• Does my query letter voice reflect my writing voice?
  • Do I have a social media presence?

So there you have it, the thought process of a published, successful picture book writer. I fully intend to ask myself all of these questions before sending manuscripts out in the future. Hopefully they’ll work for me (and for you!) like they worked for Dev.

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Much love and keep writing.

Aaand We’re Back

Hi friends,

It’s been about a year since my blog went silent—a year, two new teaching jobs, two cross-country moves, and a trans-Atlantic relationship, since my last post. I can blame the crickets on circumstance, or I can just fess up. Maintaining a blog is a lot of work. Sometimes when life gets hectic something’s gotta go and for me it was the blog.

Despite my cyber silence, my plight for publishing has far from ceased. Queries continue to fly from my ever-hopeful fingertips but to no avail. Something about my first book just wasn’t cutting it. So I took it to the cleaners, ransacked the ending, a few major plot points, and started rebuilding. The direction it’s taking feels good and new and fresh and promising. But I got stuck. I’m frozen somewhere between my old manuscript and my vision for the future. So instead of prying reluctant words from my brain, I recently set it aside. My neurons simply refuse to fire in the order it will take to finish that book right now. So screw ’em. They’ll come around eventually.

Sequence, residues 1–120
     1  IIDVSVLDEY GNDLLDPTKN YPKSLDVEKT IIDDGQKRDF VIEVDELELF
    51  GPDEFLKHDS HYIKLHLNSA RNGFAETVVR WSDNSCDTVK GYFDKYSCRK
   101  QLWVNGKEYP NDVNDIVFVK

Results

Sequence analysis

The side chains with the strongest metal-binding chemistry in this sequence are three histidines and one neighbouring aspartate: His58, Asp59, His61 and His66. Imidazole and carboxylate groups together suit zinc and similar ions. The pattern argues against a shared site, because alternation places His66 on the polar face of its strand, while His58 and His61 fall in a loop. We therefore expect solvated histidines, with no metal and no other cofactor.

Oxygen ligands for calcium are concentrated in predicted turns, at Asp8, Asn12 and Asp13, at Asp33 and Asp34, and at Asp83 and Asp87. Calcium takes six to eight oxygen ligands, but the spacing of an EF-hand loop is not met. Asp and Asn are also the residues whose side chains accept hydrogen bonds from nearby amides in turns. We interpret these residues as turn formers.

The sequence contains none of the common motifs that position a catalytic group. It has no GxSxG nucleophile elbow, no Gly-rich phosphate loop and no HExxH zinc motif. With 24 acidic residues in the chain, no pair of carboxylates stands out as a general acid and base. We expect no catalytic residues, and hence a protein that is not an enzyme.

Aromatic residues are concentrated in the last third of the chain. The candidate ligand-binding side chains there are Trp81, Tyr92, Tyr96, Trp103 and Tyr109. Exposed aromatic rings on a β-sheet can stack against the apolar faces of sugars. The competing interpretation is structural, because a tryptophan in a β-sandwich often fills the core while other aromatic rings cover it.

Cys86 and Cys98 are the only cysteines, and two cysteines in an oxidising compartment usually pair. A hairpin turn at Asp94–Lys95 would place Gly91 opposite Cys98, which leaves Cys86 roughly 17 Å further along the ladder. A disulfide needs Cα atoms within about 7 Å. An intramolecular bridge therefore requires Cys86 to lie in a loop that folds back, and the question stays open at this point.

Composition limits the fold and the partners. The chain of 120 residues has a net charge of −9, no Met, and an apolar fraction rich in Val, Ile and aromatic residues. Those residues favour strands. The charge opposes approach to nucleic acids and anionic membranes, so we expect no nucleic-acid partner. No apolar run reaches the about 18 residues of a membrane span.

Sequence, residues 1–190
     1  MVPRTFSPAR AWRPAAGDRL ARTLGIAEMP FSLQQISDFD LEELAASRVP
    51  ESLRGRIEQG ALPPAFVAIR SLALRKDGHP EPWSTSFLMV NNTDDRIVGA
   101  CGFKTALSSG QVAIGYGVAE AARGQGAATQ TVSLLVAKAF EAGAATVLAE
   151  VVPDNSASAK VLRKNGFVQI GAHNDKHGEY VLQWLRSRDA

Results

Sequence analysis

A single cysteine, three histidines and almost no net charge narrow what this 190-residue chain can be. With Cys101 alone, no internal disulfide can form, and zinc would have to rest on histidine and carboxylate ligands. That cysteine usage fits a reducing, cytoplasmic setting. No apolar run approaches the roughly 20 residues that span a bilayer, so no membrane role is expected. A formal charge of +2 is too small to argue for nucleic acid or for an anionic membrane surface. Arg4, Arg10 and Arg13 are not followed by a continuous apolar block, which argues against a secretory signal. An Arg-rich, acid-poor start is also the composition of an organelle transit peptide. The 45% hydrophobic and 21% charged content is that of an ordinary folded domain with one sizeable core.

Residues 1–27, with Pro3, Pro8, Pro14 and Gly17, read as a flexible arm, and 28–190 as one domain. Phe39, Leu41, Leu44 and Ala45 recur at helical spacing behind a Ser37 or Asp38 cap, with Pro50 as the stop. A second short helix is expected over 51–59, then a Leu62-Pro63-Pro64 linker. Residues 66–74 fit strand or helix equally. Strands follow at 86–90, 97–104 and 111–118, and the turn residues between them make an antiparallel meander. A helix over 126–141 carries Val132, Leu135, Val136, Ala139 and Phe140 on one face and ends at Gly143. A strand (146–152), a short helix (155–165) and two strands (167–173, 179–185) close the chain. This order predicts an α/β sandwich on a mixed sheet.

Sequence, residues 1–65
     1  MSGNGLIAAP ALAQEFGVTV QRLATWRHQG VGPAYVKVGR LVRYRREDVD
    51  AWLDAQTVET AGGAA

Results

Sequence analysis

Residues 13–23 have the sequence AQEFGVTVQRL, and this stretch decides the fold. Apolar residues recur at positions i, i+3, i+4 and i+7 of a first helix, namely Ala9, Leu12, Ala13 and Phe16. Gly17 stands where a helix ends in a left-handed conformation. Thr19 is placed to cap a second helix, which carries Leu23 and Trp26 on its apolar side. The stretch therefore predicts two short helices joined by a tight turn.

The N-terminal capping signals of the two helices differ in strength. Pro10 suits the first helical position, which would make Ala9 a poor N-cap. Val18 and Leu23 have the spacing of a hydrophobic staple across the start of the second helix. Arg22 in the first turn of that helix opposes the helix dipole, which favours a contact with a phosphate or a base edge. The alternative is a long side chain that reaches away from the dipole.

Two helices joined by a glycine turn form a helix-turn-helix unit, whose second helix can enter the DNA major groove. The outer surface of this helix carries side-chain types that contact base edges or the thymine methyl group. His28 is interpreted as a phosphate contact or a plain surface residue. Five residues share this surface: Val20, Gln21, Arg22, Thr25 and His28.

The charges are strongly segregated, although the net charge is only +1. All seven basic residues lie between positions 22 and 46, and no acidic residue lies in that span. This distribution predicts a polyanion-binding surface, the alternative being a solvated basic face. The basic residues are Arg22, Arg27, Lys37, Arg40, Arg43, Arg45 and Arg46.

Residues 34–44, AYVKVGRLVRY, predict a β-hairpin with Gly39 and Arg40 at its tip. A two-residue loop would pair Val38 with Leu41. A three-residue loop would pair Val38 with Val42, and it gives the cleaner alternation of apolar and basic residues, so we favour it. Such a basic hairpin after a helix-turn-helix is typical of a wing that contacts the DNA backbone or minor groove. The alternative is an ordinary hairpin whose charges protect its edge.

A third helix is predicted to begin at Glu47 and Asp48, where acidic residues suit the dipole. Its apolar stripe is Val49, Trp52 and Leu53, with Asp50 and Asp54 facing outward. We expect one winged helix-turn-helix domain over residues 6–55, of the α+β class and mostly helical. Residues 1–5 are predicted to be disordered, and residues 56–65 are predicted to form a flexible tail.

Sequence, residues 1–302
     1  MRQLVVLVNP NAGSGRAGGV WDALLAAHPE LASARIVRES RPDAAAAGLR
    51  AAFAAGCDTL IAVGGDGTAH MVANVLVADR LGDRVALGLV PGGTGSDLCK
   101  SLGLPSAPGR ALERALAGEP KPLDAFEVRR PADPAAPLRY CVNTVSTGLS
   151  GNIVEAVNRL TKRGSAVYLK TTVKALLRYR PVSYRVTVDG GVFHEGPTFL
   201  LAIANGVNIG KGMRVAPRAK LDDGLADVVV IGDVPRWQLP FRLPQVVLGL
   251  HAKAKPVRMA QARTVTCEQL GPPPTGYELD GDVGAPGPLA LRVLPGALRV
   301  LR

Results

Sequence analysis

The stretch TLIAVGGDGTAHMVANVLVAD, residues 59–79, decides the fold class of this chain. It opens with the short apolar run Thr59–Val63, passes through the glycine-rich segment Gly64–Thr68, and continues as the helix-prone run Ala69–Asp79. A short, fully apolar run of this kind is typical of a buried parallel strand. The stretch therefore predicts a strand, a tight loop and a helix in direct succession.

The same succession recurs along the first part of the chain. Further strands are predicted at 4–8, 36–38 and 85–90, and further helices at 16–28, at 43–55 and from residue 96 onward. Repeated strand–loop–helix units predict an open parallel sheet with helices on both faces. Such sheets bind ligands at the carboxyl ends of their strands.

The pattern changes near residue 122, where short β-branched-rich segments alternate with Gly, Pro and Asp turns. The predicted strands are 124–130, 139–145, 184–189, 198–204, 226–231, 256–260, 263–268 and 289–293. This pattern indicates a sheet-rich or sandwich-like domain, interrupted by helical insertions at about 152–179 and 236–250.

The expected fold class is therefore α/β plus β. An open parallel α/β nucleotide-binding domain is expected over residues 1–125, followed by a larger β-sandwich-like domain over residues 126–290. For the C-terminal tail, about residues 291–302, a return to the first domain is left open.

In the meantime, besides short stories, other YA novel ideas, and journaling, I’ve turned my attention towards another writing outlet: picture books. They’re short, and snappy, and to the point. And the best part is, they make little kids think. Tiny little ones all over the country read, and are read picture books every day. And their tiny little brains use the information in those books to help them make sense of the crazy world that they so recently arrived in. What a cool opportunity to be a part of. So I wrote the first draft of a picture book a few weeks ago. And just a few days later got an email from my local SCBWI chapter with the subject, “Is Your Picture Book Ready to Send? A Checklist for All Writers.” The universe works in weird ways sometimes. Well, all the time actually.

The email turned out to be an advertisement for a local meeting with a guest speaker named Dev Petty, author of I Don’t Want to Be a Frog and I Don’t Want to be Big. During her talk she provided the list of questions she always asks herself before sending manuscripts to agents. I fully intend to break down the important points of her talk in my next blog post, but the real point here is that this meeting really inspired me to get back on the blogging train. It’s time to sweep the crickets out and get back to business. I have returned to the cyber world. And here I shall stay.

Stay tuned and keep writing.